Ventnor Heritage Centre

"To make the past present, to bring the distant near . . . to call up our ancestors before us with all their peculiarities of language, manners, and garb, to show us over their houses, to seat us at their tables, to rummage their old-fashioned ward-robes, to explain the uses of their ponderous furniture . . . " Thomas Babington Macaulay describing what the study of history can do (written in 1828)

About Ventnor Heritage Centre |

About Ventnor Heritage Centre

Ventnor Heritage Centre, with its museum and archive, records how the town grew from a tiny fishing hamlet in 1840 to a fashionable Victorian resort complete with two railway stations and a pier, and how the villages of Bonchurch and St Lawrence became a favourite destination for writers and artists including Dickens and Macaulay. We have an extensive collection of photographs and documents, and books, prints and postcards are available for sale in our shop.  We are open all year – see Visit us for opening times, location and admission charges.

The Heritage Centre is also the headquarters of the Ventnor and District Local History Society.

We are involved in community events, providing talks and slide shows on local history, and local heritage walksl  We also take part in the Ventnor Carnival and Fringe programme – in 2017 we collaborated with Ventnor Guitar Group on ‘Playing with History’, and in 2016 we showed  ‘Ventnor Unseen’,  a compilation of archive film clips with a soundtrack specially provided by local artists, which included  ‘Storm of 87’ written and performed by Paul Armfield.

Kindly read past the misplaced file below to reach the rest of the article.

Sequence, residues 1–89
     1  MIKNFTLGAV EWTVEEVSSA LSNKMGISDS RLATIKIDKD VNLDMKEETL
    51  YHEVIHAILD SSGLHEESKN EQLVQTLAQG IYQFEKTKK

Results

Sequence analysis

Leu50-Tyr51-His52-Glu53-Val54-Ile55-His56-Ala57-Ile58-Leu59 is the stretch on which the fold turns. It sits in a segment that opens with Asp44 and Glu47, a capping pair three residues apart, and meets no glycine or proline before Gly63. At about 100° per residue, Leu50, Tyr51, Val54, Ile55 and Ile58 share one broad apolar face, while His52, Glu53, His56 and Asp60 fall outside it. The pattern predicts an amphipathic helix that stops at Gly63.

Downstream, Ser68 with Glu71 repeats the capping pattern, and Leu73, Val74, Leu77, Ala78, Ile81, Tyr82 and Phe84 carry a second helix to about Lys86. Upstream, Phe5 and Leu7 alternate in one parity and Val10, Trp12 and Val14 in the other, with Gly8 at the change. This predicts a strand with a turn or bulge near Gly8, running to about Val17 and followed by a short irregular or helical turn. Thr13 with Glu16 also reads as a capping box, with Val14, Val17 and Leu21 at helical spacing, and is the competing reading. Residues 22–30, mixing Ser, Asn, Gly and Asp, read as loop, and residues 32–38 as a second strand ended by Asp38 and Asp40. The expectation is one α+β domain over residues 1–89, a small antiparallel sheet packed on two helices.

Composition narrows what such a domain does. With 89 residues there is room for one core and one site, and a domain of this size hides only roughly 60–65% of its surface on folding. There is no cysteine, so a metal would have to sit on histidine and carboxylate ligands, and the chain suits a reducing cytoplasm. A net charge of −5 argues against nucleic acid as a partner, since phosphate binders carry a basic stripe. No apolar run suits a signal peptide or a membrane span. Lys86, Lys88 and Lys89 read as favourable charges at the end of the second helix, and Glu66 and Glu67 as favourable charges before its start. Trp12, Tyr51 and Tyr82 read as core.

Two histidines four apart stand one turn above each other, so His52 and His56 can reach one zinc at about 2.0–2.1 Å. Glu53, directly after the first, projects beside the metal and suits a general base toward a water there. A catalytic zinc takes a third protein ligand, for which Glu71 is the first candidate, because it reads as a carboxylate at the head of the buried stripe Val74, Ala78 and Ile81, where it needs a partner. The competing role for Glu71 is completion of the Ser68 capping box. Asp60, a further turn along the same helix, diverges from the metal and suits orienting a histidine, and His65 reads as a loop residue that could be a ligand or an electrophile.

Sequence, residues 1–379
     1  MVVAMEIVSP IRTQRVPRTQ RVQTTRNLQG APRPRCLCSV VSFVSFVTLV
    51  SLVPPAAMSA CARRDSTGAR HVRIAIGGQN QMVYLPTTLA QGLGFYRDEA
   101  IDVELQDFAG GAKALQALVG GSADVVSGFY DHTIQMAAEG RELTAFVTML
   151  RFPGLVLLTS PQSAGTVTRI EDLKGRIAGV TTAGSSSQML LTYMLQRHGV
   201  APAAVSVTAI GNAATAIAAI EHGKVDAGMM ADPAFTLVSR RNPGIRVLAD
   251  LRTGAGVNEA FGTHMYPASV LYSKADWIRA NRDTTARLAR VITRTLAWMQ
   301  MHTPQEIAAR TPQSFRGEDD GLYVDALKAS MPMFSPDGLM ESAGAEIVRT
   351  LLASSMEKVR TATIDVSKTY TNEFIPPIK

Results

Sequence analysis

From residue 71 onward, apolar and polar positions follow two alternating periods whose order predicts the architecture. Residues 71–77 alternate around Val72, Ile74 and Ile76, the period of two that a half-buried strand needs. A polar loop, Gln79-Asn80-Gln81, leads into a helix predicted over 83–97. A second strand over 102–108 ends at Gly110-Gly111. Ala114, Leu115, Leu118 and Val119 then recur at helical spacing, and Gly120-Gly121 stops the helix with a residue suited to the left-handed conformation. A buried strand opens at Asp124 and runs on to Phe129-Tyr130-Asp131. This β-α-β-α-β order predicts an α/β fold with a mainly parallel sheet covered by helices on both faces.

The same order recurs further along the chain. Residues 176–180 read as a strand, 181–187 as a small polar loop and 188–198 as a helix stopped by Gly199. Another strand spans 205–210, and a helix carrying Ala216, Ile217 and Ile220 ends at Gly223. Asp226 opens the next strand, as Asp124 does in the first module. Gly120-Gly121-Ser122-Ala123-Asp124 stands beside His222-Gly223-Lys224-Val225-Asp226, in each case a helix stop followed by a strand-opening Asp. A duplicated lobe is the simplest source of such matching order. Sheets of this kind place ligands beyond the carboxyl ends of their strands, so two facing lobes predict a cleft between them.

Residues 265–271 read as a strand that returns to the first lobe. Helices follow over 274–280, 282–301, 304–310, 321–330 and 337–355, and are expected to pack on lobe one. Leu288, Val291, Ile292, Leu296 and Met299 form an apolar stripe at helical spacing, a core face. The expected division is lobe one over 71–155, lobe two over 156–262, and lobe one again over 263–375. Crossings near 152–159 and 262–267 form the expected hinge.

One of the most interesting parts of our work is collecting local stories and memories; you can see some of these by searching this website for ‘Your Stories’, and if you would like to contribute your own stories or photographs, please see our main Your Stories page.

The Ventnor Heritage Centre and Local History Society are both entirely run and managed by volunteers. If you think y ou might be interested in joining us, please have a look at our Volunteering Opportunities – we would be delighted to  hear from you!


From our archives

Underley Shipwreck

  The Underley was a full-rigged ship of 1202 tons built in 1866 in Lancaster.  She was owned by a  Captain Chambers who traded as the Liverpool and Lancaster Line between Britain and Australia. Under the command of Captain Tidmarsh, the vessel was outward bound from London To Melbourne when she came ashore in a south-easterly gale on the night of 26th/27th September 1871.  She came ashore between Bonchurch and Dunnose Point. There were thirty passengers on board and a cargo of cotton, machinery and gunpowder. Passengers and crew were all saved except for a steward, Richard Tatton-Groves, who  reputedly re-boarded the vessel to save a pet bird and was swept overboard as the vessel started to break up.  Tugs stood by but they were unable to move her and she became a total loss. The Captain and the Pilot were both blamed for negligence at the Court of Inguiry. For many years a finely-carved name plate from the ship adorned a wall on the Landslip path.  We understand that this is now at a private house, close by, in safe keeping.Read more...